Anisacanthus quadrifidus var. wrightii, hummingbird shrub. Whew! What a mouthful! This is one of my all-time favorite shrubs. I love the shade of orange the blooms are. I love the shape it grows in and that just when you think it’s dead (It dies back to the ground in my garden each winter) it comes up and starts vigorously growing. It is beautiful, drought tolerant, and hummingbirds love it.

Japanese false nettle, Boehmeria nipononivea 'Kogane Mushi,' with Phlox paniculata in partial shade.
Japanese false nettle, Boehmeria nipononivea ‘Kogane Mushi,’ with Phlox paniculata in partial shade.

Boehmeria nipononivea ‘Kogane Mushi’, Japanese false nettle. A wonderful plant that lights up the shade garden. In my garden, it grows quite large, about four feet by four feet, which makes it a glowing shrub-like plant in my late-summer landscape.

Hibiscus ‘Moy Grande.’ Not many flowers bloom in July, but ‘Moy Grande’ never disappoints. It’s one of the summer flowers I recommend for summer heat. In my opinion, this is still the best of the perennial hibiscus, and I grow several of them. The big, bold hot pink flowers are simply amazing, and bumblebees can’t enough of the pollen and nectar.

Spigelia marilandica, Indian pink, has the cutest pink/red and yellow flowers. It is an upright growing, small native perennial that is great for the front of the border.
Spigelia marilandica, Indian pink, has the cutest pink/red and yellow flowers. It is an upright growing, small native perennial that is great for the front of the border.

Spigelia marilandica, Indian pink. This little plant is a U.S. native. It attracts hummingbirds, and it blooms in sun or shade. I grow mine at the edge of my shade garden. It is slow to multiply so I’ve been working increasing its numbers in my garden for several years. Such a pleasure to see it blooming every morning.

One more thing, buying your plants from local nurseries is important. Although I have nothing against box stores, I try to support my local nurseries with the bulk of my purchases. They frankly need the money more.

There are many other perennials I’ve purchased from Bustani over the years, but I’m tired, and I need another cup of coffee. You can’t go wrong with my favorite perennials. Take a quick road trip and get yourself some.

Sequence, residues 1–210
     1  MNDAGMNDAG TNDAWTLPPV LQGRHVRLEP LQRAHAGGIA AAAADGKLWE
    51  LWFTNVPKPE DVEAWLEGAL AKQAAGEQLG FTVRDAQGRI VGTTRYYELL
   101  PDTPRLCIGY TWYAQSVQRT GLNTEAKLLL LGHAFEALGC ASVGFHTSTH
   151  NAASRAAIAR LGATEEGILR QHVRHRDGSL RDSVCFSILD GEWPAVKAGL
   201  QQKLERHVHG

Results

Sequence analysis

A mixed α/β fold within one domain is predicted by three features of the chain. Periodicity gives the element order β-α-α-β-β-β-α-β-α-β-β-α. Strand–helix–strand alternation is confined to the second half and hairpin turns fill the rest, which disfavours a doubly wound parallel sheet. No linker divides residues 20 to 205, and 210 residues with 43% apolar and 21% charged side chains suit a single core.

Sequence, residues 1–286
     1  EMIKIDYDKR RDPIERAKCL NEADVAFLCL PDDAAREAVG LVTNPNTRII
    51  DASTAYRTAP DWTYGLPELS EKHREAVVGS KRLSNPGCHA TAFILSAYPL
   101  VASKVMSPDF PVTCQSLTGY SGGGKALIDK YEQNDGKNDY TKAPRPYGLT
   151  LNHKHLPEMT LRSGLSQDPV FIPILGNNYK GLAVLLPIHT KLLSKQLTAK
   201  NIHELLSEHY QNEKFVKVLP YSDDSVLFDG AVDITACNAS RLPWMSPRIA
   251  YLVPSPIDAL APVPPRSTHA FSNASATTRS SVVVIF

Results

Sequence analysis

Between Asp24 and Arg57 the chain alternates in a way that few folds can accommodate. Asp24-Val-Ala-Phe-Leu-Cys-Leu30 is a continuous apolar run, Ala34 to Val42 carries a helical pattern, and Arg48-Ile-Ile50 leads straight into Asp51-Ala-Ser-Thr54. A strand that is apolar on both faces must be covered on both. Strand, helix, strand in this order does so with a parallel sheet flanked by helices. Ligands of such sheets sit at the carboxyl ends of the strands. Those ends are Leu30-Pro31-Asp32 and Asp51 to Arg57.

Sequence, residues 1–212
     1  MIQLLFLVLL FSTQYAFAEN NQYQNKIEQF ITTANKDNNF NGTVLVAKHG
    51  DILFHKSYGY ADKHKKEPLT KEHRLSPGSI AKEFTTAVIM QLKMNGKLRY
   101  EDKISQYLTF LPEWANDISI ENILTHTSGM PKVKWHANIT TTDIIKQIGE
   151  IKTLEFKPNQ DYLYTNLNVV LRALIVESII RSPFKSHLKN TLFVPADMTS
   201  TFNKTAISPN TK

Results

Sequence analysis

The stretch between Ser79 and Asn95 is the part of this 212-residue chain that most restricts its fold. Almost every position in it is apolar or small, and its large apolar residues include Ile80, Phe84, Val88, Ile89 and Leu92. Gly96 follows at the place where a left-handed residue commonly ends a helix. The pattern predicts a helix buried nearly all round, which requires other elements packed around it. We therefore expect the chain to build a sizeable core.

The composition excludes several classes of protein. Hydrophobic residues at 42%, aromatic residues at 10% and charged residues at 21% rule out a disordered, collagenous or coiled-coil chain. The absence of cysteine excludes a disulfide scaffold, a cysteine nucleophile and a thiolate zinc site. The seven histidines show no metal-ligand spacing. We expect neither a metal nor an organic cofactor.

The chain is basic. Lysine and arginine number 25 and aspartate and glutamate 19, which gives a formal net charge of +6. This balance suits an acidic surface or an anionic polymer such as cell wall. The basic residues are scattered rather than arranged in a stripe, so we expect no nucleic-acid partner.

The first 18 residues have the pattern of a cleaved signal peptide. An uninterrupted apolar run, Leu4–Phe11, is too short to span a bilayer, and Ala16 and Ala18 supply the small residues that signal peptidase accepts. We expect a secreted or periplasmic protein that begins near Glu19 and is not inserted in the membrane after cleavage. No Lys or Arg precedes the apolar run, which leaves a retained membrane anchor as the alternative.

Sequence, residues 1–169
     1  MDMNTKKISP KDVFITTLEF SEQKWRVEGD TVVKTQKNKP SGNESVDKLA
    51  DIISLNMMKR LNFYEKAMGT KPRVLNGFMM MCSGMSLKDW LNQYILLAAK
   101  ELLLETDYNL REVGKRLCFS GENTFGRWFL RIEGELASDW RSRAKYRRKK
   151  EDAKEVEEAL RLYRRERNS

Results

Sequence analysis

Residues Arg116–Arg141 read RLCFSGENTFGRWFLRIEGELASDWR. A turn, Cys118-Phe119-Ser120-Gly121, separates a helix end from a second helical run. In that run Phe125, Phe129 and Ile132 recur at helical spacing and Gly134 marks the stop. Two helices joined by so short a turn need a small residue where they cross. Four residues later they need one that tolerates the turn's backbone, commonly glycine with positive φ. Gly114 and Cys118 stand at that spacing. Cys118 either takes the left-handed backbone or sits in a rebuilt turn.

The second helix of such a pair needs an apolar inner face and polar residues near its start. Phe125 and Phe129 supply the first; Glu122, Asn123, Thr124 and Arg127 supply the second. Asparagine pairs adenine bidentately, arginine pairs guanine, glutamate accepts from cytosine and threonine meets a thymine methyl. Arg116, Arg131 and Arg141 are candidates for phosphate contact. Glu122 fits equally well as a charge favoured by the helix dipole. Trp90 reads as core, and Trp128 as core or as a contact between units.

Problem plants

Physostegia virginiana, obedient plant.

In my garden, there are four or five real problem plants. I have other interlopers, but the following natives and non-natives are really bad actors in my leaf-mold enriched soil. Note: most natives can be kept in check if you don’t water much and have lean, sandy soil. My garden’s natural soil is red sand with large pockets of clay. Over the years, I’ve enriched it with Back to Nature cotton burr compost, my own homemade compost and shredded leaves along with various wood bark mulches. My current favorite is shredded pine bark, but it can sometimes be hard to find.

Our first problem child, ‘er plant, is Verbesina alternifolia, commonly known as wingstem and yellow ironweed. When it blooms in summer, it is beautiful, and pollinators adore it. I do not. This native absolutely loves my garden and all of its resident plants…to death. I’ve ripped and pulled and done everything to get rid of it. Yet, this year, especially, with all of the rain we’ve had, it is trying to take over the lower left bed near my Japanese maple. I will be out there again today trying to convince it to live elsewhere. Why is it such a problem? It has rhizomatous (underground) stems that spread like those of mint. It also spreads by seed. It’s become an utter nuisance in my garden. It’s also a native plant that is great where it has room to spread. My garden is not that place.